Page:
Donald Michael Kraig

by Michael Szul on 2004-06-15 18:46:08 tags: donald michael kraig, modern magick

As much as I am influenced by Taoism, Soren Kierkegaard, and countless other religious and philosophical texts and figure-heads, Donald Michael Kraig’s masterpiece, Modern Magick, was the pillar of support that I constantly fell back on during times of the “dark night” and moments of indecision.

Kraig’s tome has survived on reputation and usability in an era where fad magick and new age fluff battle it out for your curious attention. There is no other book in the last two decades that comes close to Modern Magick in presenting all that it claims it entails – not a single one.

It has been roughly sixteen years since the publication of Modern Magick. Why do you think that your book has survived through so many paradigms and competing texts to remain the most significant training manual in the modern era?

First, thank you very much for the compliment! I think there are many reasons that MM [Modern Magick] has remained popular. It came our fortuitously at the right place and at the right time, so people were ready for it. It provides a structured learning system – you begin at the beginning and each chapter or “lesson” adds a bit more to what came before. It is ecumenical in that it can really prepare a person for just about any system he or she eventually wants to follow. It was one of the first books on ceremonial magick that was “Pagan friendly.”

Because of its design as a series of lessons, various groups have used it as a basis for their studies. Thankfully, most groups have not followed it slavishly, adding or subtracting as is appropriate to their group. One organization even used the text as the majority of their “secret” lessons, charging people hundreds of dollars for them!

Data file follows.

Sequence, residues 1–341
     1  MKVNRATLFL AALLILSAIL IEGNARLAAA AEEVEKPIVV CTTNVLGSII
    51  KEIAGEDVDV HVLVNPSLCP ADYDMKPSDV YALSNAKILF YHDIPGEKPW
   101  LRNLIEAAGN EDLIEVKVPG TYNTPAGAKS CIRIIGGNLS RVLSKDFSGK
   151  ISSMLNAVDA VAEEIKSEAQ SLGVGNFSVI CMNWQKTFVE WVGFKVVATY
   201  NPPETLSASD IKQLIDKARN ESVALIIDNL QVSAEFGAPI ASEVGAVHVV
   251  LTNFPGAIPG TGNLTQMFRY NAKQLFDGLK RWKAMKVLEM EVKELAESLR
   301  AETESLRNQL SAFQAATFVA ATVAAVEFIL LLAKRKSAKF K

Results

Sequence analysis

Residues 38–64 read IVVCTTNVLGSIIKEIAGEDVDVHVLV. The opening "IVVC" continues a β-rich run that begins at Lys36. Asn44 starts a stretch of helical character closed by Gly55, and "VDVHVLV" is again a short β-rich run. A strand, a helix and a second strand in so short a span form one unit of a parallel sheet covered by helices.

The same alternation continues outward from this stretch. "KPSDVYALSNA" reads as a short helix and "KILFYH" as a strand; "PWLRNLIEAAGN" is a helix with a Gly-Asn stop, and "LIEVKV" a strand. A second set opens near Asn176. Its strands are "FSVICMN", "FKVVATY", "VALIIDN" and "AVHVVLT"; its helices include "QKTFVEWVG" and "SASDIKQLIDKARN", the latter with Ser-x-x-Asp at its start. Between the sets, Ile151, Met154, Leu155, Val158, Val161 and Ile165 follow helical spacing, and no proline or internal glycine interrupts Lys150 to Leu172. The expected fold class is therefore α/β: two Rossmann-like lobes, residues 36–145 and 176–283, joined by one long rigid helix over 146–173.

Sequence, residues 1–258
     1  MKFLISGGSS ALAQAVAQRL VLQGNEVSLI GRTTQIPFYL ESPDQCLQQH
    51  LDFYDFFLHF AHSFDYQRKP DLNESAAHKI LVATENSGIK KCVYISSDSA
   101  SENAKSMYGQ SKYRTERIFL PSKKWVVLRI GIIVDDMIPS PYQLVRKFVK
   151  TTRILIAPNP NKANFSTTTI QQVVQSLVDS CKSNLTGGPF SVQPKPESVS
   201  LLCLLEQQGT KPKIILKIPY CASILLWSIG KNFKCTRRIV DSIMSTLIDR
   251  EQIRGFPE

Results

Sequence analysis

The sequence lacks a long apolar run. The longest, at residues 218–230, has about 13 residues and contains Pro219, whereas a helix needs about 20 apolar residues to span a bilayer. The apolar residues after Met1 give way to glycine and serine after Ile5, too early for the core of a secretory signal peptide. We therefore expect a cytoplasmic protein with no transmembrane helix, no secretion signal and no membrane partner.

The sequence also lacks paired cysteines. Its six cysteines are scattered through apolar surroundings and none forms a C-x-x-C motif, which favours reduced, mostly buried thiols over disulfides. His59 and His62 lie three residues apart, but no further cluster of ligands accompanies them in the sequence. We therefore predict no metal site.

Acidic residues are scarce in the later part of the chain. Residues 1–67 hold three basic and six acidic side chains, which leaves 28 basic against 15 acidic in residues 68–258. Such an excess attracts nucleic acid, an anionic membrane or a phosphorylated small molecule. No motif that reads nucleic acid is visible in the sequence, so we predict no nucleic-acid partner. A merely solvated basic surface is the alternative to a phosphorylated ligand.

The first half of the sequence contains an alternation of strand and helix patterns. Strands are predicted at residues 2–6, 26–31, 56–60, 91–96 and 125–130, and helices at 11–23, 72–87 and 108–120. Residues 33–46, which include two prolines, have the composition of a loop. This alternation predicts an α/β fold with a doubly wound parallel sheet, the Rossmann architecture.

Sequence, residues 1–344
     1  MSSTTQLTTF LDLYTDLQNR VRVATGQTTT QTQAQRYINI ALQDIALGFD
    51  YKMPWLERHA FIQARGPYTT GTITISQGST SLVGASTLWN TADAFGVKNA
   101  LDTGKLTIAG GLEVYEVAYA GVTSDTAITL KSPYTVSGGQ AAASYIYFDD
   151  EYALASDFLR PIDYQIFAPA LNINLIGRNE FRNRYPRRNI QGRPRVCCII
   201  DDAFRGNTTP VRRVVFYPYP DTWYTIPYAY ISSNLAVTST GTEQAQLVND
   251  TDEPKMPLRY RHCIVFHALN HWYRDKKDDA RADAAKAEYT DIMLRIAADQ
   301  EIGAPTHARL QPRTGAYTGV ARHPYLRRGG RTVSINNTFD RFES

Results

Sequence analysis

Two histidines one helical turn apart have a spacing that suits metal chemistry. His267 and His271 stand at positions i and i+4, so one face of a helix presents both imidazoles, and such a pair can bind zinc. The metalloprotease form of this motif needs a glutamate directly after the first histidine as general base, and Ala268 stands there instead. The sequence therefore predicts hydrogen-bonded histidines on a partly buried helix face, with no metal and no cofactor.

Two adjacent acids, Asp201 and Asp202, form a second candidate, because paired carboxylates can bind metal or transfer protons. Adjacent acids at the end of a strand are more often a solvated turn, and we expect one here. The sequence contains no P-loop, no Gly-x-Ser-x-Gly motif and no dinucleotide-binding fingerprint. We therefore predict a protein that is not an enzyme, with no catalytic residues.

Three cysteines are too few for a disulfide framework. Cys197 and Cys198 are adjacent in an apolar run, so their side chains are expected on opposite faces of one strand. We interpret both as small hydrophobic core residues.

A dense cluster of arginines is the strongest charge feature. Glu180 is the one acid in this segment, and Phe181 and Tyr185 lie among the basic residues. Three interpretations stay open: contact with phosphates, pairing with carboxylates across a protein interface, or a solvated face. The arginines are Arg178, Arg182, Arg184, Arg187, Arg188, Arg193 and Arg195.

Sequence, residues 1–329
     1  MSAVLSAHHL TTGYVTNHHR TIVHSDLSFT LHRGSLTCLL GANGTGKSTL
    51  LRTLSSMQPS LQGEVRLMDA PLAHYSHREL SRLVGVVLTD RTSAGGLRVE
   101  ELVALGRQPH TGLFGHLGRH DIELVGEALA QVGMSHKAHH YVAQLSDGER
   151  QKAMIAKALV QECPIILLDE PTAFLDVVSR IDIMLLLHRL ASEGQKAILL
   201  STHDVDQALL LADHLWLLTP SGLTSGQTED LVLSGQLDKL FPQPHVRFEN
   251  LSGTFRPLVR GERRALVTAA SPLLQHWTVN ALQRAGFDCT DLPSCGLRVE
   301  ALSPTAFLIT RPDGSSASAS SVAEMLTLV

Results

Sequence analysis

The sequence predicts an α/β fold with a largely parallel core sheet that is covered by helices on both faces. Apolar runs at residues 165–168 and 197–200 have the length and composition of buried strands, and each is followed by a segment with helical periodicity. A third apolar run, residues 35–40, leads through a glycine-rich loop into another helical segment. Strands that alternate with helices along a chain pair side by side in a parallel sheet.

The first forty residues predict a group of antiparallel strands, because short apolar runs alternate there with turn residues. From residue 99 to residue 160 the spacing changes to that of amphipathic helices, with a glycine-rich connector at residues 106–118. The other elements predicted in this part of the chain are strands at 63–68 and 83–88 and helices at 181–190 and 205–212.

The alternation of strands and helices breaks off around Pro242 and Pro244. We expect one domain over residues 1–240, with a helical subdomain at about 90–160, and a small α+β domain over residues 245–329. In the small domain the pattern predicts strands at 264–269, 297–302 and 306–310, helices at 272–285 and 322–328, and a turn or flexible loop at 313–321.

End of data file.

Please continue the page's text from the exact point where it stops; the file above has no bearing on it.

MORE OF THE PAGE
So it really was a combination of things that fell together. If there was anything I specifically did in the writing, I would say that I approached it with two concepts: people reading it were not stupid (and therefore I shouldn’t “write down” to them) and people reading it were lacking information (so I shouldn’t assume they previously knew anything). Unfortunately, I’ve read books where authors either assume a great deal of common knowledge on the part of the reader, or write as if the reader is an idiot and they, the great writer, have come down from Olympus to share their great wisdom. I think people can detect that in a writing style and are not pleased with it.

A few years ago, a person asked me if I ever thought about what it would be like 50 years from now when people were still reading MM and seeing it on the same level as Crowley, Regardie, et al. My first response was, “I hope not!” MM speaks to certain people in a certain way at a certain time. I actually hope that someone will write something that will appeal to future generations in a way that is superior to MM and that my book becomes thought of as “Oh yeah, we used to read that years ago.”

I truly believe that we must evolve or die. This goes for magick, too. Modern Magick was about what people are doing in this cycle of time. In the future, there will be new needs and new approaches. I hope somebody will write that book to indicate how magick has evolved.

What do you see as the most significant change in the occult community since the publication of your book?

The availability of information through books and the Internet. This has been an incredible blessing. For example, if people are interested in Enochian magick, the works of Benjamin Rowe are easily available. They show imaginative, creative, and powerful ways to expand upon Dee and Kelly’s work. Nothing like that was available when I first started looking at that system. As the result of the availability of information, people who previously had to find a group or groups to study with – and then were limited to what the group(s) taught – now have far more opportunity and potential.

However, just as this is a wonderful opportunity, it is also a curse. The fast availability of information does not make it useful, accurate, or complete. For every book that’s a CNN, there are two web sites that are a Drudge. Further, without a training formula, there are people who have highly incomplete training and are now teaching. Information that is available is frequently raw or inaccurate, and without a model to guide a person, someone studying such stuff is looking to the left for things that are on the right. Collecting information does not equal obtainment of knowledge or wisdom.